Actually, the original SAA, c. 1873, shot a .45 Colt 250+gr LRN over 40gr fff which would get it up to tickle 1,000 fps from a 7.5" barrel. Today's 'cowboy loads' are much milder. Still, I believe the low-speed designed Speer 250gr Gold Dots, using their #4484 low speed bullet, were made for the SAAMI 14kpsi max specifications, so they should be quite effective as self defense rounds.

The obvious benefit a decent Italian clone - or especially the meaty Ruger Old Army - has as a 'conversion' is the total lack of a need for an ffl. Black powder cap and ball revolvers were sold at Wally World, at one time. The conversions are available from Brownells, etc - no ffl needed. As an honest tax payer - and a 'good' citizen - I am not afraid that 'big brother' will come after my bang bangs, so I'd rather spend my moola on revolvers that load a tad faster. Still, nothing like a few shots of real bp on a hot/muggy summer's day to clear the adjacent firing lanes at the range!

Stainz

The Lone Haranguer
June 15, 2008, 09:07 AM
I would not deliberately choose to carry it when there are more modern options available. That's why it's called progress. ;)

chaoszen
June 15, 2008, 11:39 AM
Why would anyone chose to carry a firearm anyway unless they were a law enforcement officer or a criminal? Home defense, recreational shooting or hunting are one thing. But the average civilian has very little need to pack a gun. There is a 99.999% chance that they would ever in their lifetime need or require a firearm on their person in everyday life. Civilians who chose to carry a gun are usually pschologically deficient cases with low self esteem and sexual orientation problems. These types should not be owning a gun in the first place. Peace.

Jim Watson
June 15, 2008, 11:57 AM
LOL! You might want to ask the thousands of people that fell off the twig as a result of being at the business end of an 1858 Remington cap and ball or .45 Long Colt conversion,

Sorry I did not make it clear last year that I was refering to MODERN MADE repro cap and ball revolvers and cartridge conversions.
In the 19th century, they were state of the art and carefully made as real weapons. That does not apply to the current crop and as I said, I would not want to have to depend on one if anything else were available. Ray Ordorica shot some period guns, and had something to say on the matter. The originals are better made than the copies, although the metallurgy limits them to black powder, or should. I think modern ammunition is better (largely in the primer and brass, really good black powder is hard to find) but the guns are not.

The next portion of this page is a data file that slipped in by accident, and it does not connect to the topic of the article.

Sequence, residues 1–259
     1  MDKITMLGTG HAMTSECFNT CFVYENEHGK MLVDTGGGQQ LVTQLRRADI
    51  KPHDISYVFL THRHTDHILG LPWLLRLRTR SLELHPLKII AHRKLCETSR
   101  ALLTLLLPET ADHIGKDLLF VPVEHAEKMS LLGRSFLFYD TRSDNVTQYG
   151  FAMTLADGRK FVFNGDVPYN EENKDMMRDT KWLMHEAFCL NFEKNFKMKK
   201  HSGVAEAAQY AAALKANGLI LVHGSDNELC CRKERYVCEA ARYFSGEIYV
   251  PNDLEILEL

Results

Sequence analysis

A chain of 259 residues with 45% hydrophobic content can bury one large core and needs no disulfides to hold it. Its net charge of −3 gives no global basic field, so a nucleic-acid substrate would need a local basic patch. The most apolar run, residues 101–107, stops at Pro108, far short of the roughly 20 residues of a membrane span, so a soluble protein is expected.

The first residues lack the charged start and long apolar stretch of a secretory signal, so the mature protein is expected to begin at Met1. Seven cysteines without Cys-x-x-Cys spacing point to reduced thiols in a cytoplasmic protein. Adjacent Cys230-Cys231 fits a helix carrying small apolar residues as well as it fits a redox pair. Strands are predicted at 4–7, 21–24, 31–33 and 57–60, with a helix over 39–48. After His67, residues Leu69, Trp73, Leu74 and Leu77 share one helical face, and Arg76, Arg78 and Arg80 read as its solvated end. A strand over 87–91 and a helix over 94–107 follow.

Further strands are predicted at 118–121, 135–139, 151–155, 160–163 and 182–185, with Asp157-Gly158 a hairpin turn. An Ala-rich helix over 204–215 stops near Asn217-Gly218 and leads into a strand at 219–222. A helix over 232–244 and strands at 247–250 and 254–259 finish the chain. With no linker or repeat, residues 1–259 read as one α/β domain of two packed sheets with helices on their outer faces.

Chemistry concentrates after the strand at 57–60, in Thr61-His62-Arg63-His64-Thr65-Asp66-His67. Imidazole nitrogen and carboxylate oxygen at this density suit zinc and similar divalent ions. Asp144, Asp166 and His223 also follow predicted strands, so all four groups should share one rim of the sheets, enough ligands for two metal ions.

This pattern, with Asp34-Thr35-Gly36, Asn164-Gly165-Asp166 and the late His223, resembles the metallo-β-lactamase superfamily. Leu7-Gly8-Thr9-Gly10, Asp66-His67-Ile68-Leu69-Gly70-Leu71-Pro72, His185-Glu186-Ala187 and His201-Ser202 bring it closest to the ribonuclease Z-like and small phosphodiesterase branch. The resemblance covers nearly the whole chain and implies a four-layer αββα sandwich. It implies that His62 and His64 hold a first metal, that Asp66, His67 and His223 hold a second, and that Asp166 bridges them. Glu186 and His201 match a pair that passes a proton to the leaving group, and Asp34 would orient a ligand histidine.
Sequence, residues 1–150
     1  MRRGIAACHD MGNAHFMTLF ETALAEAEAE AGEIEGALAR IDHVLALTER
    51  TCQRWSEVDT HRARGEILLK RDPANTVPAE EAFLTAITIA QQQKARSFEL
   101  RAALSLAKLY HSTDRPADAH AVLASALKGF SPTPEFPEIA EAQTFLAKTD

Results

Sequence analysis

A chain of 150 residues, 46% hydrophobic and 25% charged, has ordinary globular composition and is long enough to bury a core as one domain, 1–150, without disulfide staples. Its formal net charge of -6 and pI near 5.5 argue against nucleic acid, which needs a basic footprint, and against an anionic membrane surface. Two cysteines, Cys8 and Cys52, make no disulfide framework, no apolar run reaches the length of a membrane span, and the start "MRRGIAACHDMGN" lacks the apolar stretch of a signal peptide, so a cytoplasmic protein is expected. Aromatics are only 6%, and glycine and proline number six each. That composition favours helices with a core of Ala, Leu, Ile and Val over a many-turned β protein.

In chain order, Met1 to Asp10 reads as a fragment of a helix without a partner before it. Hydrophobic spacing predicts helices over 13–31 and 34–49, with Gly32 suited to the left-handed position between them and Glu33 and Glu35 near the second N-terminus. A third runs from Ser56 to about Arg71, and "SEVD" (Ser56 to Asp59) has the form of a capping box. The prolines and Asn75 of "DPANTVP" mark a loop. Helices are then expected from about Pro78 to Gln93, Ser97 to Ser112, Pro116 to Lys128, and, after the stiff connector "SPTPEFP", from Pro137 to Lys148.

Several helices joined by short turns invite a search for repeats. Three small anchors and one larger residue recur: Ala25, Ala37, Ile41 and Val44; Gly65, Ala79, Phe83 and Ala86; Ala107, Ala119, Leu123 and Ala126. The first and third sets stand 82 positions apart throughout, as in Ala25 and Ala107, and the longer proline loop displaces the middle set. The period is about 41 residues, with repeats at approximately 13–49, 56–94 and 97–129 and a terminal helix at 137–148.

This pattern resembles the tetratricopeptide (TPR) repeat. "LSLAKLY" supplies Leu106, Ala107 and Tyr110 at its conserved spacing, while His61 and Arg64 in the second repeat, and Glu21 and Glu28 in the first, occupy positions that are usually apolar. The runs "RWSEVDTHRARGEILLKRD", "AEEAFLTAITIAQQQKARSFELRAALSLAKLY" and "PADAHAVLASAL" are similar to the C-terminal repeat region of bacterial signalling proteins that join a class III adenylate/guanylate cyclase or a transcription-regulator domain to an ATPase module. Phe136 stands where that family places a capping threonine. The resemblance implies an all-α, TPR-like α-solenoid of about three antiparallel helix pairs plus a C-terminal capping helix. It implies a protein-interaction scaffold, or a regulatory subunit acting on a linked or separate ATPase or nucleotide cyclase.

As far as quality goes the Pietta or Uberti replicas are far superior to their Old World counterparts.

That one is confusing, the Pietta and Uberti replicas are made in Italy, which is about as "Old World" as it gets.

chaoszen
June 15, 2008, 12:56 PM
From a metallurgical standpoint the replicas are indeed far superior to the originals due to advances in technology. As far as Italian firearms go Uberti is owned by Beretta. The company who has been owned by the same family for over 500 years and who arguably produces some of the best firearms in the world. As far as Pietta (Fillipietta) it is also an Italian company that produces a quality product which is handfitted by skilled artisans. Except maybe if the gun was put together on Monday morning.. If you are making the argument that somehow the original versions are in someway superior, I would beg to differ.:what:

buttrap
June 15, 2008, 02:40 PM
good lordy. the originals generaly did not even use steel in the frames,just plain old cast iron. even the original colt SAA guns used iron frames for a while.

confed sailor
June 16, 2008, 01:19 PM
Why would anyone chose to carry a firearm anyway unless they were a law enforcement officer or a criminal? Home defense, recreational shooting or hunting are one thing. But the average civilian has very little need to pack a gun. There is a 99.999% chance that they would ever in their lifetime need or require a firearm on their person in everyday life. Civilians who chose to carry a gun are usually pschologically deficient cases with low self esteem and sexual orientation problems. These types should not be owning a gun in the first place. Peace.

Troll.